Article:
Brakes aren’t a glamorous topic in the cruiser realm, but the Vulcan deserves kudos for its triple-disc setup. Although the twin-piston calipers are low-tech in this age, combined with the large 300mm rotors, they do a surprisingly good job at hauling the Vulcan down from speed. Modulation is quite good, as both tires can readily be howled and kept at that point.

Gaining speed is always more fun than bleeding it, and the 1700cc lump delivers a huge spread of grunt that starts just off idle and doesn’t end until the 6000-rpm rev limiter. In fact, the powerband is so exceedingly linear that it never really provides any real hit, just a steady flow of power that probably comes up a few ponies shy of a Victory or Star Roadliner. That said, its manners are impeccable, exhibiting no driveline lash or throttle-pickup hiccups.

Functionally, we enjoyed the Vulcan’s chassis performance, and its burlier motor is much more enjoyable to twist its throttle than the relatively limp 1600. Plus we were pleased to see the Vulcan equipped with a relatively lengthy list of convenience features.

Yet the Vulcan 1700 stands out more for how it works than how it looks. Not that it isn’t attractive, it’s just that it’s a bit anonymous. A large headlight with a glimmering chrome shroud leads the way in front of an attractive-but-generic teardrop fuel tank. The engine itself it nicely finished with chrome and polished surfaces set off against a matte-black finish. But, judged purely on aesthetics, a Victory Kingpin or Star Roadliner will likely garner a greater number of longing looks.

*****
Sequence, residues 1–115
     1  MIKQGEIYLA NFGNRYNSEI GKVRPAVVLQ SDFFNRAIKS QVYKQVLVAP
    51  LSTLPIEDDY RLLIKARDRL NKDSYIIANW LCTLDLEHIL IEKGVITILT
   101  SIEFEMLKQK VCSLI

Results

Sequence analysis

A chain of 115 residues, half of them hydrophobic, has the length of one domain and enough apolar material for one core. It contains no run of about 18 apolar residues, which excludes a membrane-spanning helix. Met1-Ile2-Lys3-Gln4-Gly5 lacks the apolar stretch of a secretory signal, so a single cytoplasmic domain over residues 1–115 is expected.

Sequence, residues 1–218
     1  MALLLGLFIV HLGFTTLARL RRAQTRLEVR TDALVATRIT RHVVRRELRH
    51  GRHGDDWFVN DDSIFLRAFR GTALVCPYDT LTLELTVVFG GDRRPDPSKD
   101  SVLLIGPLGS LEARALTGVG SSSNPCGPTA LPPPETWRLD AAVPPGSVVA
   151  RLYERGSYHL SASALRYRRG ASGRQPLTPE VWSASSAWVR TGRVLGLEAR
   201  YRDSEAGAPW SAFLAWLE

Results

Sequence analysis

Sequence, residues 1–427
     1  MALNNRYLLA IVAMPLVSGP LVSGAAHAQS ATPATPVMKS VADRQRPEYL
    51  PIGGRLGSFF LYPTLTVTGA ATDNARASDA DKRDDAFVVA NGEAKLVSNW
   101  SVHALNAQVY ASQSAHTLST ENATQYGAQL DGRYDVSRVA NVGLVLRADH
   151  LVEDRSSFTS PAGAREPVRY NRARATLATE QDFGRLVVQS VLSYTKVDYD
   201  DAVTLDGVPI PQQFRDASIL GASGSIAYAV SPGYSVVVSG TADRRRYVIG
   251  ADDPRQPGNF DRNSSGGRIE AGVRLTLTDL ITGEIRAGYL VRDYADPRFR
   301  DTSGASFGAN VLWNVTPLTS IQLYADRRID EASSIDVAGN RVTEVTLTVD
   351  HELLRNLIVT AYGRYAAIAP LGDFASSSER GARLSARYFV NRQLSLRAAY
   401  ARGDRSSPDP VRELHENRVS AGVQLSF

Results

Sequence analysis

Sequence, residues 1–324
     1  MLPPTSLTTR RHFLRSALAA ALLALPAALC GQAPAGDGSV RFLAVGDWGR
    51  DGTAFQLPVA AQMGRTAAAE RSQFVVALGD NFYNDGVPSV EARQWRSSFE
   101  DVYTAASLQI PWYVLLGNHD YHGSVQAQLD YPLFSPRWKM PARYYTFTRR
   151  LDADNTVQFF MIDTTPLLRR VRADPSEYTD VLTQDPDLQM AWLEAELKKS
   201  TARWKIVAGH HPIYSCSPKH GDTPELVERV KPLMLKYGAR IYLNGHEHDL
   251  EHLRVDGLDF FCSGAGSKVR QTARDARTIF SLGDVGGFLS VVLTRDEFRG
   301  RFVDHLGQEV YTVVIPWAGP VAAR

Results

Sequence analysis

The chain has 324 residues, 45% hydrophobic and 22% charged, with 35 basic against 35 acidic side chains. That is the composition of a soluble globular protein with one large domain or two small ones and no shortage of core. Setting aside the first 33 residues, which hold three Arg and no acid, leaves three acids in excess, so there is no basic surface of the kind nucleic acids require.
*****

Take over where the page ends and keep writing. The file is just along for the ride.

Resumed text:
A rider’s legs are able to tuck in around the Vulcan’s narrow midsection despite the 5.3-gallon tank’s width.

However, neither of the aforementioned bikes have a list price of just $12,299. A Roadliner Midnight starts at $14,090, while a Kingpin 8-Ball retails for $13,999. A Harley-Davidson Super Glide has a surprisingly low MSRP of $11,999 – it balances its legendary nameplate with fewer features and less power.

Kawi says this line of 1700cc bikes is its future in cruisers, offering “high-performance V-Twins with character and value.” It’s tough to argue with that rationale.

Stay tuned for our review of Vulcan 1700 Nomad and Voyager.

The light-hatted cowboy rides into the sunset with the best gal in town.
Value Relatively easy to handle Refinement and featuresNot the prettiest Not the fastest Not the baddest

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Kevin Duke